For anyone new to this blog, the idea is simple - each day my boys (Joshua - 9 and Archie - 7) choose a stimulus that drives the learning. We hope that you enjoy the blog and can take some inspiration from what we love doing - making learning as engaging as possible!
Unfortunately, around a quarter of the world's coral reefs are irrevocably damaged. This is due to a wide range of factors, but the majority are all man-made problems. For many years, my brother worked for the Great Barrier Reef Marine Park Authority in Queensland, working to conserve and preserve the reef.
When the boys asked to explore coral as a theme, I couldn't miss the opportunity to raise their awareness of this growing cause for concern.
English / Maths / Art / Science / Geography
Rhetorical questions / engaging the reader
Statement / facts
Percentages / fractions
Today's session takes inspiration from this poster, that I came across when researching coral as a theme for the day.
What I loved about this is the way that it appealed to the reader, with colour and design at the heart of the poster, whilst the intent is to educate and inform. This hybrid of non-fiction texts is really engaging for children and one that I knew the boys would enjoy recreating.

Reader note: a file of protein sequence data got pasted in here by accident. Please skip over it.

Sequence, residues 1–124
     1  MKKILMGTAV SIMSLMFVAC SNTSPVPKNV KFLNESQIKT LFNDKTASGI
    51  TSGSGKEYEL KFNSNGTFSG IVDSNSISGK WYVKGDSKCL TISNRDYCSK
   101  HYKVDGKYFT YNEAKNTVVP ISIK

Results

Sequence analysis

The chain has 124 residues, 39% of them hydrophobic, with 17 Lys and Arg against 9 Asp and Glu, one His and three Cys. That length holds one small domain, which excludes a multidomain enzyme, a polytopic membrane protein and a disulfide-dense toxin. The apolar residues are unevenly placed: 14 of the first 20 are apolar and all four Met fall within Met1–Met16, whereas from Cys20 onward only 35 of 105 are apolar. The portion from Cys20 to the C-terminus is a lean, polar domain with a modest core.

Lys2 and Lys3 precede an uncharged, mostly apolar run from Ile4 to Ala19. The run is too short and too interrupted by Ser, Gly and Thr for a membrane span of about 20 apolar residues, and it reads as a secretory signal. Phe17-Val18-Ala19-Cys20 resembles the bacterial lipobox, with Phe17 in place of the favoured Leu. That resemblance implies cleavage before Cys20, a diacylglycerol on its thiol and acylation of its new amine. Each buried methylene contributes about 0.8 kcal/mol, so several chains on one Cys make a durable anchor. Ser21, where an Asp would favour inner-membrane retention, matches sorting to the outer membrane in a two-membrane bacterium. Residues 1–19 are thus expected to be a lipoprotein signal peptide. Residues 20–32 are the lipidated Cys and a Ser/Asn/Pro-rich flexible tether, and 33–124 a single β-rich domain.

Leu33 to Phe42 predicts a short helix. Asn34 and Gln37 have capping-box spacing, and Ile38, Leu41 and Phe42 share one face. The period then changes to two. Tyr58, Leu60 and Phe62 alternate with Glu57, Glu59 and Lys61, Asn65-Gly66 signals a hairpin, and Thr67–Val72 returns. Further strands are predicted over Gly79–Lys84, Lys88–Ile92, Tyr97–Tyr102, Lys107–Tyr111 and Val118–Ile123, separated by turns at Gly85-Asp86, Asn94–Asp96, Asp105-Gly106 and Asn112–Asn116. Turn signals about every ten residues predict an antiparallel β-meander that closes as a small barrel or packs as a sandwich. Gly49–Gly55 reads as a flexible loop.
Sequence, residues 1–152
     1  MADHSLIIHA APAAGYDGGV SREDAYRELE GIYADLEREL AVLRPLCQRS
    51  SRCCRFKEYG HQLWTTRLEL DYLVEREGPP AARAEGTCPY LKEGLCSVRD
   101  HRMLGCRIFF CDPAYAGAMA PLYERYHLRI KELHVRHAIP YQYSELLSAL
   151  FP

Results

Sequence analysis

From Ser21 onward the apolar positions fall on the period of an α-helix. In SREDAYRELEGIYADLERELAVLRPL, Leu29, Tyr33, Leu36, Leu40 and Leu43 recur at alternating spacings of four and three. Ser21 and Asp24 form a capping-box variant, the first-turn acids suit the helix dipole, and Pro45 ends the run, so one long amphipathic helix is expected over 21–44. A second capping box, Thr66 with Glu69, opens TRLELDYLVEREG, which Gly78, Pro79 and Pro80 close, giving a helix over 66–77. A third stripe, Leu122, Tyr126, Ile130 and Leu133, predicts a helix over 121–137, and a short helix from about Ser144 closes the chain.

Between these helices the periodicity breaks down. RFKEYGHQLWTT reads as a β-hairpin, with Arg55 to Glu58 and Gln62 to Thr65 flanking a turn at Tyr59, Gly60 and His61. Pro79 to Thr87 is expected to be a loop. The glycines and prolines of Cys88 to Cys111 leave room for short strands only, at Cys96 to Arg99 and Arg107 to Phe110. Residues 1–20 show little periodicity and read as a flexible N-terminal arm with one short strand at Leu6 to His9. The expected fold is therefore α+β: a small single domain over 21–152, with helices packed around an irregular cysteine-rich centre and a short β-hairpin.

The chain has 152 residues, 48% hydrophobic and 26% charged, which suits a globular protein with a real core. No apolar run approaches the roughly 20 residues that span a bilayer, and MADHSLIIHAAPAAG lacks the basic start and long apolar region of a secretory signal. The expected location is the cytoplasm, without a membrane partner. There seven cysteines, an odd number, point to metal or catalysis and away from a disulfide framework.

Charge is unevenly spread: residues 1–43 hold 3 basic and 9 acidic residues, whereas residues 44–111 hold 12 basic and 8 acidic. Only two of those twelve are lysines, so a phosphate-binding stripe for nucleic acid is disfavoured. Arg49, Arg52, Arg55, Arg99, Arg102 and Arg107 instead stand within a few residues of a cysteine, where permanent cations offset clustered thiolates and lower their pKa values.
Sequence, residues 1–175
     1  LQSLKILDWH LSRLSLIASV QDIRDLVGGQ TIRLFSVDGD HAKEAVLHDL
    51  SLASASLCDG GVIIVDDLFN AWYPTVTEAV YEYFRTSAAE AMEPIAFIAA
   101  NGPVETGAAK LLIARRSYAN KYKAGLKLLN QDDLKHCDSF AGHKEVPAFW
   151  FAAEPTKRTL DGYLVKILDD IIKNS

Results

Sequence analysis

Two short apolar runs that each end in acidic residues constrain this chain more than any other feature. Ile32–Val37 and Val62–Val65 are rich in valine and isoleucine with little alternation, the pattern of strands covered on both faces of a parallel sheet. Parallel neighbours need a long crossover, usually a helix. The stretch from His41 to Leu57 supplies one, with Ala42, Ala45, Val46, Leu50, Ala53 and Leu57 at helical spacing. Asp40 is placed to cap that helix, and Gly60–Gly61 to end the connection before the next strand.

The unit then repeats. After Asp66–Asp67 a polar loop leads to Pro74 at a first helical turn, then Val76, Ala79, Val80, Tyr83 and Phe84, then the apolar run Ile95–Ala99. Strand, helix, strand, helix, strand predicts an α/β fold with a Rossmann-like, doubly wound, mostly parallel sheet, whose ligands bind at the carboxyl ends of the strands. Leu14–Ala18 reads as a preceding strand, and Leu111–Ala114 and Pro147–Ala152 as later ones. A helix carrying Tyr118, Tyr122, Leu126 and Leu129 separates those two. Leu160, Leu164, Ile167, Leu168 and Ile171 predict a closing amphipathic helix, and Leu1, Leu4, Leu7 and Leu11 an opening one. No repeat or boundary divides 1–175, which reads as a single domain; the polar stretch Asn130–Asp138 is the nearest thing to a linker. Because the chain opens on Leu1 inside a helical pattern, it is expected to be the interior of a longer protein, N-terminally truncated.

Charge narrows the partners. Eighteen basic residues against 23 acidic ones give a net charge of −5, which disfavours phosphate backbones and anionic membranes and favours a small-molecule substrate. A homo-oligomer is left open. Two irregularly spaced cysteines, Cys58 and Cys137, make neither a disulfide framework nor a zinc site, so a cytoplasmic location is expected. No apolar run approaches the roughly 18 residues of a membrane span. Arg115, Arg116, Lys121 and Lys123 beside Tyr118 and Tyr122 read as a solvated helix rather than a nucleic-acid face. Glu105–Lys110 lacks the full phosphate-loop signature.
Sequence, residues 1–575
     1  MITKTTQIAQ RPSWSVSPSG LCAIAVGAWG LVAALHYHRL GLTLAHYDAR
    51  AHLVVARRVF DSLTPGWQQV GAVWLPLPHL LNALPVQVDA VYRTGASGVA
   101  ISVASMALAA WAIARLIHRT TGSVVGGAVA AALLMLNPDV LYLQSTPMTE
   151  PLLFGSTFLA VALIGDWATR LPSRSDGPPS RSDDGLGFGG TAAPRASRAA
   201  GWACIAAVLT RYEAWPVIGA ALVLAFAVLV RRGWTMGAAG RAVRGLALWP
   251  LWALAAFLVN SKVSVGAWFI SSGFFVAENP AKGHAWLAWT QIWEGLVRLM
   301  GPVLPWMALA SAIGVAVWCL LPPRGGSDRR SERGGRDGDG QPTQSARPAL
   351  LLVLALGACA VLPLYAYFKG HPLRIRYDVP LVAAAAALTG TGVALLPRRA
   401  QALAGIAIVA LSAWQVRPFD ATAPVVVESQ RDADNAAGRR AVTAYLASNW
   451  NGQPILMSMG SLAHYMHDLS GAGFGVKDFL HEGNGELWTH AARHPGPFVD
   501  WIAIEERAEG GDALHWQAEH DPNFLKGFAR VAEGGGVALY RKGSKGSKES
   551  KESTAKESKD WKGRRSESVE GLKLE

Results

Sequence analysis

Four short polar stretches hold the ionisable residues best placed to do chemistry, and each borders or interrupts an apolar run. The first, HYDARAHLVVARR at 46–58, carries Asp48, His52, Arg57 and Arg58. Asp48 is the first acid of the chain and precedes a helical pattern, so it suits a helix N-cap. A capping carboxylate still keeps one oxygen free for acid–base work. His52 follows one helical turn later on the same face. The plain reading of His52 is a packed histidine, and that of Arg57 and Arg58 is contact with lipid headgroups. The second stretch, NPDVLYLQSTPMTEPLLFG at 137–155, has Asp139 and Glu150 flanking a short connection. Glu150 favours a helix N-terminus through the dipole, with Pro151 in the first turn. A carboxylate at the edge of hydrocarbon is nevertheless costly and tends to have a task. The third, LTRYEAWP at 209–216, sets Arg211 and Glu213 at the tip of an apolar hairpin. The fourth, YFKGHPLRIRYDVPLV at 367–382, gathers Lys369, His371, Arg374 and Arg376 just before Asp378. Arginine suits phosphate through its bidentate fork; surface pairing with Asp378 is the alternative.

Our first task was to gather our own facts and figures. We searched the internet and gathered our interesting facts, as well as watching the first instalment of David Attenborough's Great Barrier Reef https://www.dailymotion.com/video/x6helg5
With the facts and figures stored in our jotters, we then turned out attention to making this interesting and engaging for the reader. Each morning, we use activities from the Talk for Writing Home-school units to support our reading, grammar knowledge and sentence work. The units can be found and downloaded here: https://www.talk4writing.co.uk/covid-19/
This morning's activity, thanks to Dean Thompson, was to look at the engaging adverbs:
As well as the rhetorical question opener:
Did you know...?
We began by playing around with these in a totally creative and fictitious context. This helped the boys to used the words without fear and to understand how they form a sentence.
Amazingly, pine trees are actually sleeping tree porcupines.
Interestingly, if you swallow a cloud you will live forever.
Surprisingly, fish cannot drive cars.
With these fronted adverbials under our belt, we began to form our sentences, using the facts that we had found and writing them onto fish templates.
We then coloured in and cut out the fish, ready for the reef.
The final step was to create the coral reef. For this, I can take no credit and applaud the creativity of my wife, Laura.
Then we introduced the informed fish into their natural habitat.
Today's session was a celebration of the wider curriculum. We used the theme of coral to research not only English, but also elements of geography, art, maths and science. What's more - I have a wonderful piece of family artwork to now brighten up my office. Do share your photos with us should you decide to make a coral reef of your own - we would love to see them!
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My thanks to Pie Corbett and Talk for Writing for inspiring many of the ideas explored in this blog.
We are so thankful to those of you who have inundated us with stimulus requests. We have made a list and will do our best to explore as many as we can. Do tune in tomorrow, when our stimulus is:
Our thanks to Rebecca Farmer for the theme.